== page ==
We work with several startup companies and many of their founders spent some of their professional lives working for larger corporations before starting their own businesses. They come from a wide range of backgrounds and experiences, but there are a couple of things that they have in common. One is that they didn’t love having a boss. The other is that, they hated… and I mean hated… their performance review process. In fact, the whole ‘pay-for-performance’ tag line makes their eyes roll.
But the question remains, if we don’t have an annual review of ‘the what and the how’ what do we do instead? How do we ensure that we reward our top performers and don’t lose control over the payroll budget?
If you’re thinking of changing your performance review process, here are a few key questions to help you get the conversation started.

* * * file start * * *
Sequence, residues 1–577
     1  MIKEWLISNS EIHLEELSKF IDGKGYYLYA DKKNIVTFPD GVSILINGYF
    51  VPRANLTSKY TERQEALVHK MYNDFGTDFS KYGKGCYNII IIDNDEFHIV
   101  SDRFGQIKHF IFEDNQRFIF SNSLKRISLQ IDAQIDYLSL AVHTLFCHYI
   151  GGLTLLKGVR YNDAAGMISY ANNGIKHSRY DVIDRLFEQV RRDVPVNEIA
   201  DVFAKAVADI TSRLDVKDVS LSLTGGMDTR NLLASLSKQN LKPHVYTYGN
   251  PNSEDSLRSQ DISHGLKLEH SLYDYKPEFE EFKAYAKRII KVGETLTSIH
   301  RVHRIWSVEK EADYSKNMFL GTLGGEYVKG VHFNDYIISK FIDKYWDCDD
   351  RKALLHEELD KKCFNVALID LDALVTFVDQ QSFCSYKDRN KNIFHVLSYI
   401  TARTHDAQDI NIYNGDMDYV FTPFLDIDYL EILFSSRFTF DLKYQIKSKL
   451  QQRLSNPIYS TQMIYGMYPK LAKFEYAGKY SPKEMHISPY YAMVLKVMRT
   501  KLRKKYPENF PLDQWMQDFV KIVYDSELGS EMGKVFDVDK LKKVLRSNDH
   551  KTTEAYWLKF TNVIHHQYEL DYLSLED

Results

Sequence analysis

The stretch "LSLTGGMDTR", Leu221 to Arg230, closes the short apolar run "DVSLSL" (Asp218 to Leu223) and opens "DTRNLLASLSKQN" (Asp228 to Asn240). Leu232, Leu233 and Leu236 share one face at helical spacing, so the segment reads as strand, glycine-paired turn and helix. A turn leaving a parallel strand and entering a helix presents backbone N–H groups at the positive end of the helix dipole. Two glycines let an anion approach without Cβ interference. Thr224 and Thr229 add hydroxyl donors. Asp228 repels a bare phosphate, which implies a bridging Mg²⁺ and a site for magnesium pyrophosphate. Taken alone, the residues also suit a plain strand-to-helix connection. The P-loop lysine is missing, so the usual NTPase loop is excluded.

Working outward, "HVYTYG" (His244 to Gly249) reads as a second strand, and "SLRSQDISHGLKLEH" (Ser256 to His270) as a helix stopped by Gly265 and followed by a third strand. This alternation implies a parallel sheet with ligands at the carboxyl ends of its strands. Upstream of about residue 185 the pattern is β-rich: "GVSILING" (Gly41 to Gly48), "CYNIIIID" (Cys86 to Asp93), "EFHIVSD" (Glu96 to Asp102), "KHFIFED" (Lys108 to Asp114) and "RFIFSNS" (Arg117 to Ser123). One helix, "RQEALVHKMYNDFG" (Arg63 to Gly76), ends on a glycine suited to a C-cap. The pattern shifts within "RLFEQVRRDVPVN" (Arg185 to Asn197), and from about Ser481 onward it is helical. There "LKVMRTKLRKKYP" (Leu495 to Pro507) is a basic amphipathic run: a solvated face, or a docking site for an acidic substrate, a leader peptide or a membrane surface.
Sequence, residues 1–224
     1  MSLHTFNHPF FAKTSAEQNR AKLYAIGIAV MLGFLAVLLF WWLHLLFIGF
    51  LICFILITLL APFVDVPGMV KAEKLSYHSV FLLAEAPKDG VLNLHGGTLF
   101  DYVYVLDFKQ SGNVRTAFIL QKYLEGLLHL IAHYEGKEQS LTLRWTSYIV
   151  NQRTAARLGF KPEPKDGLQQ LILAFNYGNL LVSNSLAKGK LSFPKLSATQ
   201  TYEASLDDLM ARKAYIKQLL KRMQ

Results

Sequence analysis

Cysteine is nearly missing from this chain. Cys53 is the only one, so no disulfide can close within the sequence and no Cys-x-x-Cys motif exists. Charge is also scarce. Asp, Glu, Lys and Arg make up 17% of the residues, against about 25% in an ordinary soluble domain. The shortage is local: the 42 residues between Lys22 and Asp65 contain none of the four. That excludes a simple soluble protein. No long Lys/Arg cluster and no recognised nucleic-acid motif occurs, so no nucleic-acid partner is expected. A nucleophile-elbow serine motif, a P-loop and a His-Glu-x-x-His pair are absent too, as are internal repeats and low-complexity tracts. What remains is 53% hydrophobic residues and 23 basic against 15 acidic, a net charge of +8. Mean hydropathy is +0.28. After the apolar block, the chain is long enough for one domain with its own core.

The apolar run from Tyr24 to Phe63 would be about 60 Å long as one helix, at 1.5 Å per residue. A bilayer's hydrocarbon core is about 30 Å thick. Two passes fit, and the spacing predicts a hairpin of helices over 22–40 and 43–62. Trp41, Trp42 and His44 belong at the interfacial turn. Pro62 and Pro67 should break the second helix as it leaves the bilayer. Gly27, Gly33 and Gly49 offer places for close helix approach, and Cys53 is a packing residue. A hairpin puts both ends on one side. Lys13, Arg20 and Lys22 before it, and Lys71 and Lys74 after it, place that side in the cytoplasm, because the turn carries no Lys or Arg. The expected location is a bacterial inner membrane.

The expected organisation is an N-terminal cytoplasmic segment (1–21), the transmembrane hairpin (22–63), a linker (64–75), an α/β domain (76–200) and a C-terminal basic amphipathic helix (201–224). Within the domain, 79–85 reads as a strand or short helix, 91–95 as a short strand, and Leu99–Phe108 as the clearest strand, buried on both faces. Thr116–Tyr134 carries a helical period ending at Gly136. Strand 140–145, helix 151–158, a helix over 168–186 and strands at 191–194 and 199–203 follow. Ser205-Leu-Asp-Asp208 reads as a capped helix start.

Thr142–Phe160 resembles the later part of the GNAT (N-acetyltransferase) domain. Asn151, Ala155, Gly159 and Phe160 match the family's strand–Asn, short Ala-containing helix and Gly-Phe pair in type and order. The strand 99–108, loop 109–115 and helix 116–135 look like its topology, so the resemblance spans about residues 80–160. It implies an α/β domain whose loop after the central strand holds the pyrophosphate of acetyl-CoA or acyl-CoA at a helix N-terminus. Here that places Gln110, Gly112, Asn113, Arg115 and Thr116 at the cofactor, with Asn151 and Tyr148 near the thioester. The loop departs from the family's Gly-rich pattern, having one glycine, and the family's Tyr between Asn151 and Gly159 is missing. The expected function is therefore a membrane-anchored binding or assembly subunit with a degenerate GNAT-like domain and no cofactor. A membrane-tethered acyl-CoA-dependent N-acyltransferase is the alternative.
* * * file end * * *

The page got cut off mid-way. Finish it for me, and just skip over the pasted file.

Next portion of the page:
What are we trying to achieve?
How will we identify, recognize and reward great work?
How will we reinforce individual interest in the business success?
How often are we going to talk about it?
And how often are we going to document it?
How much are we prepared to spend (in time and money) making the change?
Changing the performance management process is a project. Start by identifying the business needs that the project will achieve and structure a business case to define the goals, plan and costs for the change. If you really want a performance management process that works for you, invest the time and effort to implement one that meets your company’s unique organisational, cultural, and financial requirements.
This article is provided for general information purposes only and is not intended to be human resources consulting advice or specific advice for your business needs.
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